London High Court judge ruled to combine claims for 10 Aircraft owners against insurers

World’s largest aircraft owners, including AerCap and Carlyle Aviation Partners, which are pursuing claims against insurers for planes stranded in Russia, are preparing to step up their fight against the cases being heard in Moscow.

More than 40 aviation leasing firms, locked in a battle with insurers over who should bear up to $10 bn in costs for 400 jets stuck in Russia, are urging the High Court to allow a reinsurance dispute to be heard in London, not Moscow.

Lessors have not received any insurance payments for planes stranded following sanctions on Russia, and are suing insurers across several jurisdictions, including London.

According to Financial Times, AerCap, the world’s largest aircraft lessor, and others believe they have valid claims for the loss of their aircraft and engines that they have been unable to recover from Russian airlines in the wake of the invasion of Ukraine last year.

Although the western lessors terminated the leases on the aircraft after sanctions were imposed on Moscow, the carriers have refused to hand over the planes and are continuing to fly them.

More than 500 aircraft were stuck in Russia at the time sanctions were imposed.
More than 500 aircraft were stuck in Russia at the time sanctions were imposed.

Lessors managed to retrieve some of the planes but around 400 are still in the country and the companies subsequently lodged insurance claims last year, according to Reuters.

The reinsurers say these claims should be heard in Russia on the basis of jurisdiction clauses in the reinsurance policies naming Russian courts for any dispute.

A London High Court judge ruled to combine claims for ten lessors, including AerCap, Carlyle, Avenue Capital and Merx Aviation, against several insurers, including AIG, into one combined hearing to be held in February 2024 year.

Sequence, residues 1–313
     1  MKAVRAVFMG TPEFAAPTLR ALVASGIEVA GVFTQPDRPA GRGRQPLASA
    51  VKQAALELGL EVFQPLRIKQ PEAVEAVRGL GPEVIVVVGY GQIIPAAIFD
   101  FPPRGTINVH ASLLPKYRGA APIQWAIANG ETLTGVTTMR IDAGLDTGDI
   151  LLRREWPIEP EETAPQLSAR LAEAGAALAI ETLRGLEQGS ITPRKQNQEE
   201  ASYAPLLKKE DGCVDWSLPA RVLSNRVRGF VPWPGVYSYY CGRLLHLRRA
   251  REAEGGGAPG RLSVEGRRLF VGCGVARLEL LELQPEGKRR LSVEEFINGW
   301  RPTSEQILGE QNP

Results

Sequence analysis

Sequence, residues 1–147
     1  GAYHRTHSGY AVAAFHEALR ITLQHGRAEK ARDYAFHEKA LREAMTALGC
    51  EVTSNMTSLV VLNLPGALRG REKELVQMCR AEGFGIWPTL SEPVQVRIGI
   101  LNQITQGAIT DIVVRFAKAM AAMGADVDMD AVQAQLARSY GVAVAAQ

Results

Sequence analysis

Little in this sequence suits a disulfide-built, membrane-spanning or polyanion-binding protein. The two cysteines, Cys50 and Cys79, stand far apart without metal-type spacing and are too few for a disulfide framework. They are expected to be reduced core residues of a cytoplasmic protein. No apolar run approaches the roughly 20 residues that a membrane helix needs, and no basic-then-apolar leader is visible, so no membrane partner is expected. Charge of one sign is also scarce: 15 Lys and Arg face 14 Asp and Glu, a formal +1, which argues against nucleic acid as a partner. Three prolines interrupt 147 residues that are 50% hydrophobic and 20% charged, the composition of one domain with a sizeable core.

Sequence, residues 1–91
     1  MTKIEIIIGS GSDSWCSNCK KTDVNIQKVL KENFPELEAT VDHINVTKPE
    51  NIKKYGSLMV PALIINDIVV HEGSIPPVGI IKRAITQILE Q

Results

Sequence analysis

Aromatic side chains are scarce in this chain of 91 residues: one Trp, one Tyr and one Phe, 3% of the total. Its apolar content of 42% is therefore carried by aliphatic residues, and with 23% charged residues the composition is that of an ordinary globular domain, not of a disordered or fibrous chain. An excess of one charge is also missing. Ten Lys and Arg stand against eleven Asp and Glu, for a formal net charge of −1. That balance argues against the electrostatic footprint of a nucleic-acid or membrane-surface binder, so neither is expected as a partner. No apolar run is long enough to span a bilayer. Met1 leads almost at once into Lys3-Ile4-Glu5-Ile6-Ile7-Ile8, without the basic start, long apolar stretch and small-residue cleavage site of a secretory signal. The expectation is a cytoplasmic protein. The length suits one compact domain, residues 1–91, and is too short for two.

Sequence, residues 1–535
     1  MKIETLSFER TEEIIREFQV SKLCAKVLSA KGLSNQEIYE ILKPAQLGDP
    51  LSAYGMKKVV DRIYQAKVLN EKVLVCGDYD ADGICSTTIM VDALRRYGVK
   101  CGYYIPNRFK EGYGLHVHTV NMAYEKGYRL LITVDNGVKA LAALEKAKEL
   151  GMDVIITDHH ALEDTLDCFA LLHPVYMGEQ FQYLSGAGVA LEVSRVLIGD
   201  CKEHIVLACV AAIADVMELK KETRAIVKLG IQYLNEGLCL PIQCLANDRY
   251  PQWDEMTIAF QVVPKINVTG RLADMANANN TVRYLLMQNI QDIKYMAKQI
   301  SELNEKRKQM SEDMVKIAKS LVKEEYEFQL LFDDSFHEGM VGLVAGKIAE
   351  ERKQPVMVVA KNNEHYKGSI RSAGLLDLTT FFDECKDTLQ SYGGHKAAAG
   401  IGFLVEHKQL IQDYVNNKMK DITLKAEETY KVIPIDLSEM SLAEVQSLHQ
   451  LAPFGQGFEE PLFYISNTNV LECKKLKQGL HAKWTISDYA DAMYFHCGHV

The hearing will now determine the issue of jurisdiction.

Russian airlines that leased the aircraft had insured them with domestic companies which then reinsured the risk with western insurers such as AIG and Lloyd’s of London. Lessors were also covered by these policies.

Those insurers have maintained that as the original contracts were agreed under Russian law, the cases should be heard in Moscow.

The lessors have argued that taking their cases to Russia is impractical given the continuing conflict with Ukraine.

In a written submission presented in court, AerCap noted that challenges around the jurisdiction would focus on whether, “even if the exclusive Russian jurisdiction clauses apply, the English court should exercise its discretion to allow the claims to proceed in England in any event, on the basis that there is a real risk that it will not be possible for the parties to obtain a just determination of the claims in Russia”.

Carlyle Aviation Partners similarly argued in its submission that there are strong reasons why the court should not enforce those jurisdiction agreements, namely that the claimants would not receive a fair trial in Russia and/or that it would be against public policy to give effect to the alleged agreements.

A spokesperson for Carlyle Aviation said insurers had been “in breach of their contractual obligations for many months and have failed to provide coverage for losses”.

To then insist the cases should be heard in Moscow is not only completely unworkable given the grave situation that exists today, it is also a gross exploitation of Russia’s invasion of Ukraine and further avoids paying out on legitimate claims.

Several insurers contacted by the FT, including AIG and Lloyd’s of London, declined to comment. AerCap was unavailable for comment.

Lessors and Russian airlines are also continuing talks behind the scenes about selling the lessors’ stranded jets to the airlines to resolve the dispute more quickly. The sources declined to be named, citing confidentiality.

Such a deal should be possible under the current European Union sanctions regime, this legal source said, adding that 60-70 cents to the dollar might be a level at which such a commercial deal could be agreed.

Nataly Kramer   by Nataly Kramer